Garrus nodded. "Orders confirmed, Shepard-Commander," added Legion, loading his sniper rifle with an audible click.

"That leaves Jack, and Jacob," finished Shepard. "Rearguard. Follow behind us and cover our six."

Three brief nods answered the unspoken question, and Shepard clicked the safety off her sidearm. "Any last questions?"

The Doctor grimaced. "Just checking, are all the guns necessary? What if there are surviving victims aboard?"

"I've dealt with Reapers before, Doctor. Anything that's onboard hasn't been sentient for a while, and anything that still is deserves peace." Shepard offered him a spare pistol, which he once again declined. "Stay close to us, don't run off without me and I won't run off without you. Clear?"

"Crystal," said the Doctor, slipping on his favorite jacket. A quick perusal of the pockets confirmed the presence of his screwdriver, a few leftover ornaments from last Christmas, and the remote that went along with it. "I'm ready when you are."

At Shepard's nod, he swung open the door and stepped out into the darkened underbelly of a Reaper.

* * *

The first thing that Shepard noticed was the stench. She had her atmospheric-combat helmet on, as the Doctor hadn't even put on a pressure suit (let alone armor of any kind), and the cloyingly sweet scent of decay assaulted her nose the moment she stepped out into the Reaper. A hint of rotting meat, mixed with mechanical lubricants and the tang of ozone, which reminded her (as if she could forget) that she was inside a biomechanical monstrosity.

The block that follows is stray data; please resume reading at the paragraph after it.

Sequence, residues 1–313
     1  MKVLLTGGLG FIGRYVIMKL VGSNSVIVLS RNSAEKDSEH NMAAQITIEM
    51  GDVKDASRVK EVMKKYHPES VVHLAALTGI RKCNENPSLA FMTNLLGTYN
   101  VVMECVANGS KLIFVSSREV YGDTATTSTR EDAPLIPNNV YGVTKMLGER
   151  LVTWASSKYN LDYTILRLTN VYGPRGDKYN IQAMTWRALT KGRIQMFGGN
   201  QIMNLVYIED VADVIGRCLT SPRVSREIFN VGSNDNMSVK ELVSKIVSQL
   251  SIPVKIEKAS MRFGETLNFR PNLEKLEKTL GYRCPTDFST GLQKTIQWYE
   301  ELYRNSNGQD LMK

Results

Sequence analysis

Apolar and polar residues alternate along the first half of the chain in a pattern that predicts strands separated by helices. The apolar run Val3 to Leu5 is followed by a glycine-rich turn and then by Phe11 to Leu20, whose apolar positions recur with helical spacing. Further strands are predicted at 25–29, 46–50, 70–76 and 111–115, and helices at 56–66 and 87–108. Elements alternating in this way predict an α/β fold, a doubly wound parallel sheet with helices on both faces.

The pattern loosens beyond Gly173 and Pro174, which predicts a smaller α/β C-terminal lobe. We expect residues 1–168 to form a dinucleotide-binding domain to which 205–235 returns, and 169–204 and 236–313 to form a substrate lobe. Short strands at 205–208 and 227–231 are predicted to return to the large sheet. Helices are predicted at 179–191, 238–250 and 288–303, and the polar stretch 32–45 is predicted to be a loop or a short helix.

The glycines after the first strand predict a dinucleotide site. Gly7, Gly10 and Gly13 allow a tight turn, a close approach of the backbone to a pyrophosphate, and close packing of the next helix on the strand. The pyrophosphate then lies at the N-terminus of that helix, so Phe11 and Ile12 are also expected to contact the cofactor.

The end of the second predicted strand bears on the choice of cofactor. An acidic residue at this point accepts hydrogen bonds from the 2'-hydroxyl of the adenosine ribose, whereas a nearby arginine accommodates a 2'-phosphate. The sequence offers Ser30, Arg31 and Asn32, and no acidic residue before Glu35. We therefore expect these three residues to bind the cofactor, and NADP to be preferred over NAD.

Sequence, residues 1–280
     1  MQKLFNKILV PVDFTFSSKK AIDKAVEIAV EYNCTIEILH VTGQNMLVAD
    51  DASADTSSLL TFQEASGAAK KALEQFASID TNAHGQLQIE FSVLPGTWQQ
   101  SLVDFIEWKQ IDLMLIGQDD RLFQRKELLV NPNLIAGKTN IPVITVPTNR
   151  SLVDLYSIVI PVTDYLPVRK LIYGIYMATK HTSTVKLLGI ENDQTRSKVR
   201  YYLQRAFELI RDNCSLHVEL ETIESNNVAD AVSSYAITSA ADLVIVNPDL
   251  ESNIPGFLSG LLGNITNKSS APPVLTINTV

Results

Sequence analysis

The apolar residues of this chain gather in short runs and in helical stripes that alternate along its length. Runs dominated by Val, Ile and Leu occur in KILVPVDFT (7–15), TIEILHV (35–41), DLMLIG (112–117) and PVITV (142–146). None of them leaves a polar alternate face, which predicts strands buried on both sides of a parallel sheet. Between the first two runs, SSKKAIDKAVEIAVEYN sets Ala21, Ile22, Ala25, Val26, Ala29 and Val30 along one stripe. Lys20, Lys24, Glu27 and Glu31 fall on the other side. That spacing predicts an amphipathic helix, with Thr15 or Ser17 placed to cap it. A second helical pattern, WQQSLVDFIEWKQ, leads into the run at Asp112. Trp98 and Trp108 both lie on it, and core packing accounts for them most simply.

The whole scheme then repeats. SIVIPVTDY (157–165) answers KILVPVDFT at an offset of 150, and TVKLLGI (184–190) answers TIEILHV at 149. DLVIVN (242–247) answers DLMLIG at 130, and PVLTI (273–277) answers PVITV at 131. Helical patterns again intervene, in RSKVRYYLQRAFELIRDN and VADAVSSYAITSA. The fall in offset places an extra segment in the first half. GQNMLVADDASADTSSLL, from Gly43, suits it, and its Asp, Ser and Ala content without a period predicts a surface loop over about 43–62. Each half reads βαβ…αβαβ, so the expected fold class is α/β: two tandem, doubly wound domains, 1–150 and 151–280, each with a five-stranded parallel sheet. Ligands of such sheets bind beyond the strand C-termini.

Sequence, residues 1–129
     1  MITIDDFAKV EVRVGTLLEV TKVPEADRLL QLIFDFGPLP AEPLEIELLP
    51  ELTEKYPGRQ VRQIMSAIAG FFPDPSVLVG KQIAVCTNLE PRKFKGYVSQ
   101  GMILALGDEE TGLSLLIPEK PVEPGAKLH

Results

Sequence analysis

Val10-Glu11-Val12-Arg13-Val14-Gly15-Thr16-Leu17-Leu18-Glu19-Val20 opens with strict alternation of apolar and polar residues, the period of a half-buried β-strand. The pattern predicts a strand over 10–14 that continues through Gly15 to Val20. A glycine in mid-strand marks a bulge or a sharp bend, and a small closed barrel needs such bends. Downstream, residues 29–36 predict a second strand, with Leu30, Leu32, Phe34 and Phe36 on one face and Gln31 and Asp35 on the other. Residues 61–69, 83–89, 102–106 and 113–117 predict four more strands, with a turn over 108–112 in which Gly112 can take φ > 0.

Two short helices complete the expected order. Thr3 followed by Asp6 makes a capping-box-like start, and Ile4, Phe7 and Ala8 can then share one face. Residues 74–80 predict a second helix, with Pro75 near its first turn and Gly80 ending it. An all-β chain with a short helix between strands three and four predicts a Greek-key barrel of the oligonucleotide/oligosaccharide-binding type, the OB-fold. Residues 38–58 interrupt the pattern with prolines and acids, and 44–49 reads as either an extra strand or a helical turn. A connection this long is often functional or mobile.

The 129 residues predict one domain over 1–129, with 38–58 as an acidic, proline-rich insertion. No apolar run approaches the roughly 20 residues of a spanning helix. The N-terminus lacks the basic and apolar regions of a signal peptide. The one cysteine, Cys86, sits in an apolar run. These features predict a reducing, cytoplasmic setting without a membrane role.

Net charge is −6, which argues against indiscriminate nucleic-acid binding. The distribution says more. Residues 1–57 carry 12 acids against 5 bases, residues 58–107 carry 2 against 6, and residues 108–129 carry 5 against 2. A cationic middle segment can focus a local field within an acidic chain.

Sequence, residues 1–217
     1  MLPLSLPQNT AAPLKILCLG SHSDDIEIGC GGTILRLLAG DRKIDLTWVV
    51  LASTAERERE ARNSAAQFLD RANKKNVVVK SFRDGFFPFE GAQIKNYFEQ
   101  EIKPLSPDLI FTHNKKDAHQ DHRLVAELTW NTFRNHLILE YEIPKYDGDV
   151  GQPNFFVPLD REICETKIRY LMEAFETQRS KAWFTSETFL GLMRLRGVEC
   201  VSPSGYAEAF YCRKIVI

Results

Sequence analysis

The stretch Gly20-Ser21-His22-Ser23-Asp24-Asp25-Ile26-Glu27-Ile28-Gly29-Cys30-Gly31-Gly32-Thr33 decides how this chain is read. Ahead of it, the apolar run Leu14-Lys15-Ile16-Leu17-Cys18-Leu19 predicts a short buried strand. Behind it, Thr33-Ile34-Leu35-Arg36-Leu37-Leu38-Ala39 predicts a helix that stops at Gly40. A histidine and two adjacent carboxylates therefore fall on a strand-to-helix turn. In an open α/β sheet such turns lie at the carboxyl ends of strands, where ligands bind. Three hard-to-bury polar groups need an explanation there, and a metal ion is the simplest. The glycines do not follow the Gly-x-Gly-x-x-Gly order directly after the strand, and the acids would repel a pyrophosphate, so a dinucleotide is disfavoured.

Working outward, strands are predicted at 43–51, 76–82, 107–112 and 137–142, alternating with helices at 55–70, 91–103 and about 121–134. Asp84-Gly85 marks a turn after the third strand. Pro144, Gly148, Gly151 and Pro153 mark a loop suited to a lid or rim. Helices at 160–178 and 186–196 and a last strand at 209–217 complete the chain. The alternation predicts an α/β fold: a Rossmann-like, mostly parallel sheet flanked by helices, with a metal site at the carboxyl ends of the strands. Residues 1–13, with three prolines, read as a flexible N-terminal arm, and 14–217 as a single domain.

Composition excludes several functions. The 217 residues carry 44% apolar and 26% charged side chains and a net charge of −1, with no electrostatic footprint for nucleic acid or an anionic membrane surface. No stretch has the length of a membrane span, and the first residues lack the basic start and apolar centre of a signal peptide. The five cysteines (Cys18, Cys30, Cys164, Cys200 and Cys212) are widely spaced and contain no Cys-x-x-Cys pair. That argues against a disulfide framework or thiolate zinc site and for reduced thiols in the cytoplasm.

The second thing she noticed was the damage. Bulkheads shattered and stressed, the floor and cieling covered in carbon scoring and ash. A quick sweep of the chamber with her flashlight confirmed that it was the same all over, at least all that she could see.

"You said we were coming back to when this thing was alive?" she asked, edging forward cautiously.

"I double-checked the coordinates six times," said the Doctor. "The TARDIS comes out wrong when I don't pay too much attention, but she always listens to me when I'm being careful in controlling her."

He spun around slowly, illuminating the crevices of the chamber as he turned. "What are you trying to show me, my girl?" he said, in almost a whisper. "What is it I'm missing?"

As the rest of her squad filed out of the box - and what a sight that was; she'd laugh at the absurdity of it if she wasn't so on edge - Shepard gave the signal to spread out. Legion and Garrus hastened to opposite sides of the doorway, ready to disappear into whatever catwalks or ductwork they could find.

Miranda dropped into Shepard's shadow. "Do you know what year it is, Doctor? Assuming we dropped into the wrong one."

The Doctor shook his head and pulled out his silver multi-tool thing. "No," he said. "Sometime after it was attacked, but not long after. It's still alive, but it's weak." He turned the tool on and waved it about - its high-pitched whirring noise causing Legion to stop in his tracks and stare at it - before turning it off again. "Weak, but not defenseless. We'd best get a move on, Commander."

Shepard nodded, and the three of them made their way down the hallway. Every so often, they would pause at something; a gargantuan creaking noise as the Reaper settled into orbit, or a rather tense moment when Garrus accidentally knocked loose a panel and they froze, listening to it clatter down a near-bottomless pit ("Easy there, Pippin," the Doctor had muttered as they anxiously awaited a response).